The Falsey candlestick structure Fakey is a potentially reliable short term (and sometimes long-term) indicator of the market’s direction. A falsey is the false break of an inner candlestick.
The falsey indicates that institutional traders (banks and hedge funds) have hunted down the stop loss levels of small retail taders to get them out of their positions and create a price “vacuum” to reverse the market’s trend. The falsey can also indicate that institutional traders have reacted to a market event, suddenly driving price in a direction that is opposite to the initial direction.
The falsey is a very strong signal that suggests that price may continue to move in the direction that is opposite of the false break.
In the below example, we see a bearish and bullish falsey signal. Notice that there is first an inner candlestick, followed by a false breakout of this model which results in a falsey setup:
Note: not all falsey signals are exactly like this one, there are variations such as the falsey with a pin bar. In the case of a pin bar, the false break is represented by a single candlestick, unlike the false break structure that has 2 candlesticks such as the one shown in the picture above. There are also false break structures that feature 3 candlesticks, but they are rarer and not as ideal as a falsey with 1 pin bar or 2 candlesticks.
In the below example, we see a bullish and bearish falsey with a pin bar that represents the false break of the inner bar:
How to trade a falsey signal
A falsey signal works in almost all market conditions except in volatile markets. It can be used in a trending market or in a lateral range, defined by horizontal support and resistance levels, or even against a trend if it hits a support level or a key resistance level.
The falsey provides us with a good entry point as well as an obvious stop loss level. Let’s take a look at some examples to clarify this.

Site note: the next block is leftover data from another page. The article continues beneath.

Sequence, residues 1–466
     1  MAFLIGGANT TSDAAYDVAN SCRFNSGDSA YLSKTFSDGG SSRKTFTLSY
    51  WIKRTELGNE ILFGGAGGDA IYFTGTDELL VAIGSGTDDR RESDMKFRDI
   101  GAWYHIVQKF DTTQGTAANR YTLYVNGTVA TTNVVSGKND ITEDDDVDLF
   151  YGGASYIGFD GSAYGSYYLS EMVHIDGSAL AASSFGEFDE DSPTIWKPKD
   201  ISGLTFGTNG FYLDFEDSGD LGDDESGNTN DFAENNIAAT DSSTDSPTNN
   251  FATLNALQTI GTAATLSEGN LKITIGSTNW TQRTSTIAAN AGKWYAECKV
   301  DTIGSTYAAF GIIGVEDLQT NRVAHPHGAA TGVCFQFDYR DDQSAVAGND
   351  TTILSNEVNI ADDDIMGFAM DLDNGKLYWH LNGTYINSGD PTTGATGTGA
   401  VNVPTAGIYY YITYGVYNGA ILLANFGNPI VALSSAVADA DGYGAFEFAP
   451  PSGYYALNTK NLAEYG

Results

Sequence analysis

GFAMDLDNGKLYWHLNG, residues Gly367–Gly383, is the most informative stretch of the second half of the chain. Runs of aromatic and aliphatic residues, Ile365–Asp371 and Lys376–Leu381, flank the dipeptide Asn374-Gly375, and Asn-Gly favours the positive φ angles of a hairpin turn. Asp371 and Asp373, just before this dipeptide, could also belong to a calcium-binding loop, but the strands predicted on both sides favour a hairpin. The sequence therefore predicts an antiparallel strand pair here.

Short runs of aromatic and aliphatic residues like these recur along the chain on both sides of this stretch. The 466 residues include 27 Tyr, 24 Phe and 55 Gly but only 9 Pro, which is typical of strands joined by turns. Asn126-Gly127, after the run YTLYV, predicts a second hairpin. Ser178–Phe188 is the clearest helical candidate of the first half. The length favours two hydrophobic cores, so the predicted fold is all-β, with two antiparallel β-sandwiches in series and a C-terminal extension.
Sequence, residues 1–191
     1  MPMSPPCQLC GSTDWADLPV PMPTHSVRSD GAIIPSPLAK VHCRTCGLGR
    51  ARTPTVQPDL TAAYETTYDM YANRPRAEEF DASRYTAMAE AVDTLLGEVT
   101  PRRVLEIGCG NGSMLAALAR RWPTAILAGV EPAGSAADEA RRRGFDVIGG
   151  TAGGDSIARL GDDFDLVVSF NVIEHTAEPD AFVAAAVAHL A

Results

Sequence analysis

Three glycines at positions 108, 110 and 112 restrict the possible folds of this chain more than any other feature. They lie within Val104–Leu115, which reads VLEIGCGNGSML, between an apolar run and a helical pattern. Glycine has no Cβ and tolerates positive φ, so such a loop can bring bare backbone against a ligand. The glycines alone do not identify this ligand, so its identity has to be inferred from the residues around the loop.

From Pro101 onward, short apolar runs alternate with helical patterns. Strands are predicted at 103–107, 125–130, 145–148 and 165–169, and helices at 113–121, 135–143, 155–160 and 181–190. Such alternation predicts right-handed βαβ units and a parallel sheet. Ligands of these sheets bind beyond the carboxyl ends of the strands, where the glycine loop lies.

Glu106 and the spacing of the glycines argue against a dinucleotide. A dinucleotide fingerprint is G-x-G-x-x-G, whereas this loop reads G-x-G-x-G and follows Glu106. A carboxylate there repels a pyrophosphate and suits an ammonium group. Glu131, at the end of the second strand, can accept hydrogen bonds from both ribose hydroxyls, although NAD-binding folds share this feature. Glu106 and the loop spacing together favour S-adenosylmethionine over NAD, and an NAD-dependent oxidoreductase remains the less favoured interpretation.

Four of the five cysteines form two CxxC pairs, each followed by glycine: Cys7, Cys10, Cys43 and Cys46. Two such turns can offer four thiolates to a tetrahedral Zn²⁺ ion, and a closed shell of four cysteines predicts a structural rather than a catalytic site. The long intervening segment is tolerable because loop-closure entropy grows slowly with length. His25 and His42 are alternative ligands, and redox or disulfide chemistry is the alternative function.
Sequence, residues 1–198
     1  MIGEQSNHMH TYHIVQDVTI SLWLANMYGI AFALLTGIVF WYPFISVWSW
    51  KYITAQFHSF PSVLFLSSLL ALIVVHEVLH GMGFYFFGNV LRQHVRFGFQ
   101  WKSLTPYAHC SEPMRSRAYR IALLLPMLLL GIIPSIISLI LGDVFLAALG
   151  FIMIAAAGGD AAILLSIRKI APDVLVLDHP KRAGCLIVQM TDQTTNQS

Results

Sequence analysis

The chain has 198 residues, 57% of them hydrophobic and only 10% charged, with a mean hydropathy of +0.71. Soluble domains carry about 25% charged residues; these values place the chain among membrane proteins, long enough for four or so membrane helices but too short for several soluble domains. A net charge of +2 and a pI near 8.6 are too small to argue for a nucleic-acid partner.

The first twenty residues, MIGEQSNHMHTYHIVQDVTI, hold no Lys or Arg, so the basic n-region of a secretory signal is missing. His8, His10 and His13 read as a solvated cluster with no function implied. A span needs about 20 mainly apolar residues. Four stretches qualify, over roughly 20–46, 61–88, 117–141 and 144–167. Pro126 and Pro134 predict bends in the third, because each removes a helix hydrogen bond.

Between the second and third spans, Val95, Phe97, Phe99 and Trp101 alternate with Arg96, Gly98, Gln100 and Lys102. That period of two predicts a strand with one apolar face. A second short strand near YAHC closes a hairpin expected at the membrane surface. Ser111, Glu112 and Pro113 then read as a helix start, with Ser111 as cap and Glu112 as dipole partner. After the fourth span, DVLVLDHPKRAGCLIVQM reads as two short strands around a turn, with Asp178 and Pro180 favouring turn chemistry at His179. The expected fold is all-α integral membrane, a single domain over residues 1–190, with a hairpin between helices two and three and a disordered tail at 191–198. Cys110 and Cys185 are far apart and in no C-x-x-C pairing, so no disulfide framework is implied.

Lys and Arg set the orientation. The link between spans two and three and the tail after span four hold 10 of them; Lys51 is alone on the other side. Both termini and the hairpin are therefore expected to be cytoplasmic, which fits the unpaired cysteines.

In the below example, we can see that the market was in an uptrend before hitting a period of consolidation, and then a falsey buy signal formed at the consolidation area’s support level. The stop loss should logically be placed below the lowest false breakout. This falsey formed on a confluent chart level, as several points indicate that a support level has formed beneath the uptrend.
Let’s look at another example of a falsey signal at the resistance level of a horizontal range. The false breakout on this falsey is not quite a pin bar because the body of the candlestick is too large relative to the wick, but it’s still a reversal bar.
A falsey will not always be “perfect”, there is some discretionary decisions that are involved, but one’s trading instinct is what separates the amateur traders from pros.
For example, there should only be 1 inner bar in a falsey structure, sometimes you will see 2 or 3 inner bars or perhaps more. In the below example, we see a falsey + pin bar with 2 inner bars.
The key characteristic of a good falsey signal is the false break of an inner bar structure. If you see an OBVIOUS false break of an inner bar, you have a good falsey on your hands if there is certain confluence with the support & resistance levels and its direction in the context of the market. The best falseys are obvious and don’t require a lot of detective work.
The falsey is a price action pattern that is extremely powerful if you know how to spot it well and trade it well. A false breakout is a very good indication of what institutional traders are doing and it gives us the opportunity to take advantage of this.